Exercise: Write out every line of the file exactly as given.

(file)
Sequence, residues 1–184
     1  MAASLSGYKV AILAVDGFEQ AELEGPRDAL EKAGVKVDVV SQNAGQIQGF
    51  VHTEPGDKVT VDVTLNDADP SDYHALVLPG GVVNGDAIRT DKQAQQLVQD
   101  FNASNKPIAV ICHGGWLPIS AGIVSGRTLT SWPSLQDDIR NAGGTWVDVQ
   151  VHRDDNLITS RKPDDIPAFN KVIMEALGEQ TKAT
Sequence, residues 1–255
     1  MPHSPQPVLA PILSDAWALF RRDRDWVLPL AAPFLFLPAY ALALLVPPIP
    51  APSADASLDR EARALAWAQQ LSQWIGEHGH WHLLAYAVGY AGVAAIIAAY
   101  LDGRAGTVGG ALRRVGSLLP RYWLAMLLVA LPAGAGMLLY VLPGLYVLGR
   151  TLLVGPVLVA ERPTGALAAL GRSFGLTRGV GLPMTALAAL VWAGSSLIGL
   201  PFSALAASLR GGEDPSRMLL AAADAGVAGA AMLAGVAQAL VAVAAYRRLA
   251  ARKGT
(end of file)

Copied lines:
Sequence, residues 1–184
     1  MAASLSGYKV AILAVDGFEQ AELEGPRDAL EKAGVKVDVV SQNAGQIQGF
    51  VHTEPGDKVT VDVTLNDADP SDYHALVLPG GVVNGDAIRT DKQAQQLVQD
   101  FNASNKPIAV ICHGGWLPIS AGIVSGRTLT SWPSLQDDIR NAGGTWVDVQ
   151  VHRDDNLITS RKPDDIPAFN KVIMEALGEQ TKAT
Sequence, residues 1–255
     1  MPHSPQPVLA PILSDAWALF RRDRDWVLPL AAPFLFLPAY ALALLVPPIP
    51  APSADASLDR EARALAWAQQ LSQWIGEHGH WHLLAYAVGY AGVAAIIAAY
   101  LDGRAGTVGG ALRRVGSLLP RYWLAMLLVA LPAGAGMLLY VLPGLYVLGR
   151  TLLVGPVLVA ERPTGALAAL GRSFGLTRGV GLPMTALAAL VWAGSSLIGL
   201  PFSALAASLR GGEDPSRMLL AAADAGVAGA AMLAGVAQAL VAVAAYRRLA
   251  ARKGT